Wednesday, March 07, 2007

from legal blog watch

Legal Blog Watch

Juror Blogs Complicate Trials

The jury foreman wrote on his blog that the upcoming trial would require him to "listen to the local riff-raff try and convince me of their innocence." He was surprised that he was chosen for the jury, he wrote, given his strong beliefs about the police and God. None of that was enough for the trial judge -- or the New Hampshire Supreme Court -- to throw out the conviction, but, as the National Law Journal reports in an article to be published Monday, the case illustrates a new area of concern for lawyers in criminal and civil trials. Says Chester, N.H., lawyer Mark Sisti, who represented the defendant in the case:

"It's the kind of stuff that scares you because you don't know what's going on. You don't know if the jurors are communicating via this type of media or device after they are released each day, you don't know what they are picking up. It's not TV or radio, this is a whole new medium."

Many bloggers, the article suggests, decide for themselves not to blog about their jury duty, even absent instructions from the judge. But others, thanks to courthouse Internet access, blog live from the jury room. Clay S. Conrad, a Texas lawyer who writes the blog Jury Geek, told NLJ reporter Vesna Jaksic that blogging by jurors raises interesting questions. A juror is not supposed to discuss the case, he notes, but is blogging a discussion? Whether it is or not, he says, it could later produce evidence that a juror has prejudged the case.

In the New Hampshire case, the Supreme Court found no error because the blogger's posts were not shared with his fellow jurors and because he assured the trial judge that he had followed his instructions once the jury was seated, as Molly McDonough reported in October in the ABA Journal eReport. But for lawyers, the moral of the story may be that here is yet another reason why they must understand and pay attention to blogging -- and ask about it in voir dire.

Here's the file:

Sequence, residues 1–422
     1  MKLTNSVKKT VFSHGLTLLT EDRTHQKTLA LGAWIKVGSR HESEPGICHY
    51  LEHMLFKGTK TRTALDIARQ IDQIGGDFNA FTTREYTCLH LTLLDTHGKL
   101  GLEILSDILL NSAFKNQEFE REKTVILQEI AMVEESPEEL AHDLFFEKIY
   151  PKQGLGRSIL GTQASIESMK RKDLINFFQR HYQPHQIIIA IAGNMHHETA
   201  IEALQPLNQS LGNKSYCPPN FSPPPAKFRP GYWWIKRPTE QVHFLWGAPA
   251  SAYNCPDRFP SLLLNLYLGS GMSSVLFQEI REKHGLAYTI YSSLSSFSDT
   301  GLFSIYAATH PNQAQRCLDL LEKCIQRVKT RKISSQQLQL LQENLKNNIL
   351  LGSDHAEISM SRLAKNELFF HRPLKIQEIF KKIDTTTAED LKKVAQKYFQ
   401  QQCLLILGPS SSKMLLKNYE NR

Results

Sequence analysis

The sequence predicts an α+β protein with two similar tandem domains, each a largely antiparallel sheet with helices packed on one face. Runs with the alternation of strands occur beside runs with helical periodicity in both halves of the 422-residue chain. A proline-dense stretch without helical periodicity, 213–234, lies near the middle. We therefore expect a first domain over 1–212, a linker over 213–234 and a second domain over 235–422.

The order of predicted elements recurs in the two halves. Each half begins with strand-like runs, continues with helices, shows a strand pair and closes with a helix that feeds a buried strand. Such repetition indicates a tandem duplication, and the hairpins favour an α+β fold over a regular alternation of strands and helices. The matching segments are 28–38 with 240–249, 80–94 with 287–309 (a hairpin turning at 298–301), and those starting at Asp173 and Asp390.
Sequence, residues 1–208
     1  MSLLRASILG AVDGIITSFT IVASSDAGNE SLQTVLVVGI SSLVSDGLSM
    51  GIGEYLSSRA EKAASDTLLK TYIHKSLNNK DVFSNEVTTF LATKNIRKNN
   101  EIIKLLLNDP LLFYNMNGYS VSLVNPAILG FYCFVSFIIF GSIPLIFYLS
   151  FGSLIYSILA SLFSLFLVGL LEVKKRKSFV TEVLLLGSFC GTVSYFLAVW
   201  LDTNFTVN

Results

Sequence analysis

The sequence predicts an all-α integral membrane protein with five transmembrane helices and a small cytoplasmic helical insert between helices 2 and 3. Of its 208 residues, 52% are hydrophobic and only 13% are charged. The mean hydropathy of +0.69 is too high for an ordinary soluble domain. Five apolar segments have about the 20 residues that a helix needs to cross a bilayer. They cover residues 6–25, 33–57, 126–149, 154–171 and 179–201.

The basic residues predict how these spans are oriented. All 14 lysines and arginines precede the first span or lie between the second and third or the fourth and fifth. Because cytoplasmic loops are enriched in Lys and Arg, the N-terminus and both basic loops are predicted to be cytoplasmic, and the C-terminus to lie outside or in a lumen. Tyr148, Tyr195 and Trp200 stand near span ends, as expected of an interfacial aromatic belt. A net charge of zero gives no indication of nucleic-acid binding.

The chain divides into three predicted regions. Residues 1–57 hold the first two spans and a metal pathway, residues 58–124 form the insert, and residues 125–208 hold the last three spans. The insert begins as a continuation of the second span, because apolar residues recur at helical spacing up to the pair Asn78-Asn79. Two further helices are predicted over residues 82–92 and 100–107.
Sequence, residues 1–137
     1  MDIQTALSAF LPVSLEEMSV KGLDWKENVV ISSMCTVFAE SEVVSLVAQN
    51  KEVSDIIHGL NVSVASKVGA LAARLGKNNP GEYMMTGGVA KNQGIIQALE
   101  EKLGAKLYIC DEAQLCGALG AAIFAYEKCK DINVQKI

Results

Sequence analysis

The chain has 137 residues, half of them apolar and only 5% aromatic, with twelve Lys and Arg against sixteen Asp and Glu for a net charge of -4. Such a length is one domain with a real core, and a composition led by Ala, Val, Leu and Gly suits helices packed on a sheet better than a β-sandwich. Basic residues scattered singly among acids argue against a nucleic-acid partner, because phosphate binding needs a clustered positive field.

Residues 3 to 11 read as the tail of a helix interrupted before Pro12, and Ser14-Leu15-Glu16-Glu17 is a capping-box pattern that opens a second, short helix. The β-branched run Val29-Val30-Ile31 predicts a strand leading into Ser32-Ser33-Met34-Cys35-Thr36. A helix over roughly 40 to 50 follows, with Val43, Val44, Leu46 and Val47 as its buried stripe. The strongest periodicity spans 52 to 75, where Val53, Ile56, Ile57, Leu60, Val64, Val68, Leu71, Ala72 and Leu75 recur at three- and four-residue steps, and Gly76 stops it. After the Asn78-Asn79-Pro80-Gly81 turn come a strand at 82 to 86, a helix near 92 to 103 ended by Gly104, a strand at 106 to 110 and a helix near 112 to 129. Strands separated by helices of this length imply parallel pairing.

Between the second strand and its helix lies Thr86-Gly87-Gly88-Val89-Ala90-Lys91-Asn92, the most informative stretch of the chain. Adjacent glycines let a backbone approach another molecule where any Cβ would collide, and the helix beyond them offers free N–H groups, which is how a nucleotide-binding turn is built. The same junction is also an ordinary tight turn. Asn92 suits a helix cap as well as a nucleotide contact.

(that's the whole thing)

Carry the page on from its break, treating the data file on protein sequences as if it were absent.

Posted by Robert J. Ambrogi on March 6, 2007 at 02:28 PM | Permalink | Comments (0)

Many Lawyers Behind USPTO Pilot

Lawyers and bloggers played roles in helping to launch the U.S. Patent and Trademark Office's pilot project for public review of patent applications via the Internet. As Washington Post writer Alan Sipress reported yesterday, the USPTO pilot will allow some companies submitting patent applications to agree to have them reviewed via the Internet. It is called The Peer to Patent Project, and, as Law Blog noted yesterday, it has been spearheaded by New York Law School professor Beth Simone Noveck, director of the school's Institute for Information Law & Policy.

A broad array of other lawyers and bloggers are serving as advisers to the project. The list includes Robert Barr, executive director of the Berkeley Center for Law and Technology; Dennis Crouch, author of the blog Patently-O; John Duffy, George Washington University law professor; Will Fitzpatrick, corporate counsel to the Omidyar Network; Alan Kaspar, partner at Sughrue Mion; Stephen Kunin, special counsel at Oblon Spivak; Mark Lemley, director of the Stanford Program in Law, Science and Technology; Michael V. Messinger, director of Sterne, Kessler Goldstein, & Fox; Gideon Parchomovsky, University of Pennsylvania Law School professor; Arti K. Rai, Duke University Law School professor; and Steven  S. Weiner, partner at Davis Polk & Wardwell. The USPTO even consulted CmdrTaco, the founder of Slashdot, according to Wired News.

The pilot project is an interesting idea, says ProfessorBainbridge, one that other administrative agencies might emulate. He writes: